But again, this El Niño is so strong a NOAA blog unofficially named it the "Bruce Lee" of El Niños after the late movie action hero. Some experts predict it could rival the El Niño Storms of 1997-98. I was here for that one. I don't think I was dry for weeks. Even good raincoats did little to keep one dry in the pounding heavy rains.

This is also potentially bad news.

Anyone who covered those storms or lived through them will remember the mudslides, floods and homes sliding down hillsides. Constant, steady rain saturates the ground and simply means there is no place for the water to go but down hill. Not a good thing.

The good news?

Heavy El Niño rains this winter in Southern California would bring new plant growth and fuel moisture content to our local mountains and hillsides which in turn would lessen the fire danger next fall.

With the jury still out on exactly how this year's El Niño will effect our local weather, it at the very least is a good reminder that it's never too soon to prepare. Think about it. We never know when the next big earthquake might hit. But preparing well in advance for these types of events simply means it is better to be safe than sorry.

Yes, getting a leaky roof fixed is obvious. But why not head to your local fire station and grab some free sandbags. They could make the difference in having to replace expensive items in your home if the water starts to rise. Always have an escape plan. But remember, rising flood waters knee deep traveling down roads and intersections are enough to sweep you off your feet. Remember, turn around, don't drown.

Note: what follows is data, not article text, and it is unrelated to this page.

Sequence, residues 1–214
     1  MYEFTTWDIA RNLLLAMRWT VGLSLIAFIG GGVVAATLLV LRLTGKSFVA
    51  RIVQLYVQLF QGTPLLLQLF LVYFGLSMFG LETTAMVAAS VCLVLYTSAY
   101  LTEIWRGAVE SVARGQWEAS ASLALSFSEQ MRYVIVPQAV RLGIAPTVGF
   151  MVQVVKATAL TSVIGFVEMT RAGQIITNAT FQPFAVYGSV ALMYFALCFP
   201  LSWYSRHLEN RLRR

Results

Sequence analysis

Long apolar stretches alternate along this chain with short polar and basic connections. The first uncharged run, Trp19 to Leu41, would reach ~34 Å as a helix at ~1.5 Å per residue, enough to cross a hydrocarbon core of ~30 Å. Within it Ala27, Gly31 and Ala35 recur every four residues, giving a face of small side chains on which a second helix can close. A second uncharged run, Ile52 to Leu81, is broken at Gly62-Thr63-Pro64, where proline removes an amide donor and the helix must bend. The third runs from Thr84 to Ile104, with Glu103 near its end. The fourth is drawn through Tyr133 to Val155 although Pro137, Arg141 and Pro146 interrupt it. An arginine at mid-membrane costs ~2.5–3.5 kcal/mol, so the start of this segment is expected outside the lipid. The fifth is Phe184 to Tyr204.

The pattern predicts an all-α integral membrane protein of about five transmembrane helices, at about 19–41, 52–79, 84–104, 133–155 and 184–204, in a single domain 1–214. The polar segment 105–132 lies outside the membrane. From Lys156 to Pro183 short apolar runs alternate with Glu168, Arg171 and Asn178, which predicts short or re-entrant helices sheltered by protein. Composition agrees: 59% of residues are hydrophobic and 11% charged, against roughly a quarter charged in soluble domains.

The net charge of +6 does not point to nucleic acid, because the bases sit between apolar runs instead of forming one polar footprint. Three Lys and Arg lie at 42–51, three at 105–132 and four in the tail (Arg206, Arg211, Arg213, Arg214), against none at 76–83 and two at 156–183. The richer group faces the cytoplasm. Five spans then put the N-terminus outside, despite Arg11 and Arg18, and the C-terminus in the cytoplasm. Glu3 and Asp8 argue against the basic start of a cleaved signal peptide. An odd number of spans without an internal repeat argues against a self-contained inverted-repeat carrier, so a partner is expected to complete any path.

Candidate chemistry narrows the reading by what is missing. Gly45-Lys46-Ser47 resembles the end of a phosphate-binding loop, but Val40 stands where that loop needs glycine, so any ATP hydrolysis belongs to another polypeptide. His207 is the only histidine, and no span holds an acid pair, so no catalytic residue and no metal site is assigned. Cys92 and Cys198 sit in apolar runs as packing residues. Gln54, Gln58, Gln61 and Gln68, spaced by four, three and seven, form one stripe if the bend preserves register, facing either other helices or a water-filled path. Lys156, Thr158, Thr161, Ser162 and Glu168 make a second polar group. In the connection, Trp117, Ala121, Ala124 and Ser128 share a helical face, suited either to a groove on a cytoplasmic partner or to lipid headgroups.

Economic studies do favor El Niños which tend to benefit the United States. Droughts and Atlantic hurricanes are reduced. California mudslides not withstanding, the U.S. economy benefited by nearly $22 billion from that 1997-98 El Niño, according to a study.

El Niño does tend to cause problems elsewhere in the world. And while El Niño often puts a big damper on the Atlantic hurricane season, that means more storms in the Pacific, such as Hawaii. So far this year, tropical cyclone activity in the Pacific is far higher than normal.

So if El Niño becomes a reality this winter, drought conditions are expected to ease across large parts of the Southwest and the southern Plains. But drought conditions would likely persist in the Pacific Northwest and northern Rockies and emerge in Hawaii, parts of the northern Plains and in the northern Great Lakes region.

We in the FOX 11 Weather Department will likely have plenty to do if the storms finally start arriving one after the other. The challenge is not only forecasting when and how much rain we might get, but how previous and future storms might impact certain areas already drenched by heavy rains. It is not an easy job, but one we train for.

It's often said we don't have weather in California. I say, not true. There is always something to talk about. We will be on the ready not matter what happens this winter.

Bottom line as Mike Halpert, deputy director of NOAA's Climate Prediction Center said recently, "Although the Winter Outlook is good news for California, a wet winter is not guaranteed and even a wetter-than-average winter is unlikely to erase four years of drought."

For the latest on the current state of El Niño, watch the video below from Eric Boldt, Warning Coordination Meteorologist with the National Weather Service Los Angeles/Oxnard.

Tap here to read more about preparation for potential fall weather hazards.

Tap here for several additional links to resources on the National Weather Service website.